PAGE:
I did my business with the lawyer and notary and spent a couple of days catching up with old friends and listening to their stories. One morning I went to buy distilled water for the batteries in my solar system, as the levels were beginning to get a bit low and the Mexican man who looks after my house in my absence has no transport and can't carry heavy loads. As I was purchasing some 5 litre containers in the small hardware store the next customer, stood behind me, was launching a spirited complaint against the store owner about a consignment of chicken feed he'd ordered but which hadn't turned up. The owner was saying something about supply problems and the disgruntled customer in the rough local dialect retorted 'Hombre, my chickens will have died of hunger by the time it eventually arrives.'
There was something familiar about the voice and I turned around and found myself looking at the English writer Chris Stewart. 'Problems?' I asked. He did a double take and stared at me. 'What are you doing here?' he asked 'I thought you lived in Denmark.' I explained all that had occurred to me. Chris Stewart, you see, was one of the original emigrees who, as he says, fled Thatcher's Britain and moved to Spain to become a shepherd, living a life of poverty in these here hills. He later wrote a book about it called Driving Over Lemons, which became immensely popular and persuaded thousands to follow in his footsteps. Like me. He was also the founding member of Genesis, along with Peter Gabriel, but he doesn't like to talk about that.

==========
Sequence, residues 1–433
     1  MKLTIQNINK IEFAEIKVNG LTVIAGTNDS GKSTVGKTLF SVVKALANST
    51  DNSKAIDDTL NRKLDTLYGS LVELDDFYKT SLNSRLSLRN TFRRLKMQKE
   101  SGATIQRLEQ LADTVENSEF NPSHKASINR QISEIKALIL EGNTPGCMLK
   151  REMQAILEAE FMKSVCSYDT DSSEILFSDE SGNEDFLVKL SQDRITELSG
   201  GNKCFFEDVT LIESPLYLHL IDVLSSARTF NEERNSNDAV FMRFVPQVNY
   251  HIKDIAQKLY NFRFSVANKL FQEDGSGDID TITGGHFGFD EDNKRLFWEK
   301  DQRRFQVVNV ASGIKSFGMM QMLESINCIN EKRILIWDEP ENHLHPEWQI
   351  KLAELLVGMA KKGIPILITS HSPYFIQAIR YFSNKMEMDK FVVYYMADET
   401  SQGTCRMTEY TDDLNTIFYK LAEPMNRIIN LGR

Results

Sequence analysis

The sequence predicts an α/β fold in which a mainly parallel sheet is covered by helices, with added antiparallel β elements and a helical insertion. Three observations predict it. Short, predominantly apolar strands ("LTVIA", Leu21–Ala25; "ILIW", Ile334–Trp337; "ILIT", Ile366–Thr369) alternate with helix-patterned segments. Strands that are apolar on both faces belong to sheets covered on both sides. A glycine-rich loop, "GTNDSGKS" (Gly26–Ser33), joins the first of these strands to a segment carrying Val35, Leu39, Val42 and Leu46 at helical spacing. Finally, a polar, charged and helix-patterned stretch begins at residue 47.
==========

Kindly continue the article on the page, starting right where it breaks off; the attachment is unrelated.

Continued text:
'Things are woeful here,' he said. 'There's no work – I've never seen it so bad.'
We chatted for a few minutes. I told him my theory that this was one of the better places to be. Several centuries of grinding poverty, famines and civil war had made this part of Andalucia resilient, I argued. Most country people over 50 still knew all about growing food and on top of that there had been a mass immigration of downsizers, such as himself, who treated the land and the water with respect.
'Hmm,' he said, not quite convinced. 'I suppose we'll see.'
Over the rest of my stay I had ample time to think about what was going wrong in Spain. It seems rather unfair that the Spanish people should be made to suffer. They are, after all, some of the most pleasant, helpful and down to earth folks on the planet. Cast aside, for a moment, all those stereotyped images of hot-blooded bullfighting macho types; in my experience the vast majority are family-centred, hard working and full of grace. Neither are they particularly materialistic above a certain minimum level of comfort.
It seems to me that Spain, as part of the EU, has had development rammed down its throat, whether they wanted it or not. The TV commercial for Spain used to be 'Spain – it's a little different' – and it was (and then some!). The task of the politicians was to make it the same as anywhere else. But all that infrastructure that was built seemed to be constructed primarily for the benefit of the hordes of northern Europeans who saw the country as one big golf course and luxury hotel development. Corruption oiled the wheels of illegal land development and speculators piled money into a 'housing' boom (they were not really houses, more like flimsy clinker shells) which was fuelled by the banks. It's a sad tale of environmental despoilation in one of the most beautiful places in Europe and now the local people are left with a toxic legacy of ruined coasts, damaged aquifers and unpayable debt.
As I left to return to Denmark I felt a wave of sadness. People kept telling me how lucky I was to be living in 'safe' Denmark. Soon I will have no further ties to Spain or La Alpujarra. It really does feel like the end of the affair.